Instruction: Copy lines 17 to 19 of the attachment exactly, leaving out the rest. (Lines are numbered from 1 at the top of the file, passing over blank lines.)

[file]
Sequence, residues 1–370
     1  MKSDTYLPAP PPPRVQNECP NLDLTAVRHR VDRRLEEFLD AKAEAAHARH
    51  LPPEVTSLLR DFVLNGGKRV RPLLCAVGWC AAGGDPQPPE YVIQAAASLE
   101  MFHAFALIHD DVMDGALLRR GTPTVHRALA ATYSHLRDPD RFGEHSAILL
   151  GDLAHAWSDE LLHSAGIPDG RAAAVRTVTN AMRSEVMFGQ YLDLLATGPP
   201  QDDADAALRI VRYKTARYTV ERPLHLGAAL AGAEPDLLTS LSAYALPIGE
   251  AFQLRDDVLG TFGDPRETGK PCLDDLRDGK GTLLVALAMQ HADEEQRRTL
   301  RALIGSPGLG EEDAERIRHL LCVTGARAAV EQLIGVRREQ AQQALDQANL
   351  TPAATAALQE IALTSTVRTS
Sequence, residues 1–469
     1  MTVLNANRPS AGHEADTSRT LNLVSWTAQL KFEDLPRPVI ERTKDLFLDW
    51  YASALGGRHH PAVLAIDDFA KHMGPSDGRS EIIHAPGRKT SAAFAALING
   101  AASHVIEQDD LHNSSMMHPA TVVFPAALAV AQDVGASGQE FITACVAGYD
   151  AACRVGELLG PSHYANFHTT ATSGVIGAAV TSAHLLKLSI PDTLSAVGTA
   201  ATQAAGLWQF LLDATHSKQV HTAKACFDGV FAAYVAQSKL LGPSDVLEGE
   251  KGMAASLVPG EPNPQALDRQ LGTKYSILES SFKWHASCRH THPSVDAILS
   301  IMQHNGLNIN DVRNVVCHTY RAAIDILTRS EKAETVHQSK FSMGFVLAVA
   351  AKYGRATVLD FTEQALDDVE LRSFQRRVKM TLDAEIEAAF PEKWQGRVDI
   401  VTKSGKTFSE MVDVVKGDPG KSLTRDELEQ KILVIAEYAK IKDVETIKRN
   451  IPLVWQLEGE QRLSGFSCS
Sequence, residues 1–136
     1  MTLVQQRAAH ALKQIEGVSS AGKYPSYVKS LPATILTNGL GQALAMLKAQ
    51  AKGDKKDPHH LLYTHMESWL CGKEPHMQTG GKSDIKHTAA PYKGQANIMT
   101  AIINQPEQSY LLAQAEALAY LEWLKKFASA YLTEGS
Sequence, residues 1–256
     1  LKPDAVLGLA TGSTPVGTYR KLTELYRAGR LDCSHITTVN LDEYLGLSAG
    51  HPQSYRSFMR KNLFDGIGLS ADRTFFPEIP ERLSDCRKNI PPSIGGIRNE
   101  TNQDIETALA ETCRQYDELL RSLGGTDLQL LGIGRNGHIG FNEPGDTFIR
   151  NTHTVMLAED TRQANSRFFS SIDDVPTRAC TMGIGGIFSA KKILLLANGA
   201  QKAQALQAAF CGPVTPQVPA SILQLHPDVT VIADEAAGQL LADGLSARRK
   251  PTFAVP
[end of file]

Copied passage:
   301  IMQHNGLNIN DVRNVVCHTY RAAIDILTRS EKAETVHQSK FSMGFVLAVA
   351  AKYGRATVLD FTEQALDDVE LRSFQRRVKM TLDAEIEAAF PEKWQGRVDI
   401  VTKSGKTFSE MVDVVKGDPG KSLTRDELEQ KILVIAEYAK IKDVETIKRN